As data becomes more paramount and as AI analyzes and surfaces meaning at greater speeds, the danger of perpetuating these biases becomes even more serious and will inflict greater societal divisions if measures are not put in place and relentlessly enforced.
Recently, I met my maker. Call it atonement for the many years I manipulated data as a marketer. We had the honour of talking Privacy with an individual I had admired for years. Dr. Ann Cavoukian, in my view, will drive a discussion across industry that will make business stand up and listen.
Remember when Canada’s Privacy Commissioner took on Facebook?
Ann Cavoukian has been an instrumental force in spreading awareness of Privacy, which brought her front in centre on the world stage, pitted directly against Facebook in 2008. Back then the federal Privacy Commissioner alleged that 22 practices violated the Canadian Personal Information Protection and Electronic Documents Act (PIPEDA). This eventually led to an FTC settlement with Facebook that mandated an increased transparency with its users, requiring their explicit consent before “enacting changes that override their privacy settings.”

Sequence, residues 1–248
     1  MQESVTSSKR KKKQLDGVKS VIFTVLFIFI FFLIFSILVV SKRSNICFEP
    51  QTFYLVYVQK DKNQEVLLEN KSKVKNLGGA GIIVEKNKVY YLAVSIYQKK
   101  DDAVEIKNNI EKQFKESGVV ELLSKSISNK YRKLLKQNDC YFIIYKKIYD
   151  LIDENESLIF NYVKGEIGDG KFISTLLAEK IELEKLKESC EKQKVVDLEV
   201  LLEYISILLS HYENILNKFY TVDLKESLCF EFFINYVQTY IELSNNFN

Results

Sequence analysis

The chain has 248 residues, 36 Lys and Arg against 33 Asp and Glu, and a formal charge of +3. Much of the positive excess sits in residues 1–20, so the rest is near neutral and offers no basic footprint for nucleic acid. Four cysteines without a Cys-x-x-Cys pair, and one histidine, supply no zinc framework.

Ann Cavoukian is a household name in technology and business. As a three-term Privacy Commissioner of Ontario, Canada, she has jettisoned the privacy discussion for a few decades. Today that discussion has reached a fever pitch as the EU General Data Protection and Regulation (GDPR), which came into effect May 25, 2018, includes Cavoukian’s long-advocated creation, Privacy by Design (PbD). This will raise the bar dramatically and any company or platform who does business with the EU, will need to comply with these standards. At the heart of GDPR are these guiding principles when collecting, storing and processing personal consumer information:
- Lawfulness, fairness and transparency
- Purpose limitation
- Data minimization
- Storage limitation
- Integrity and confidentiality (security)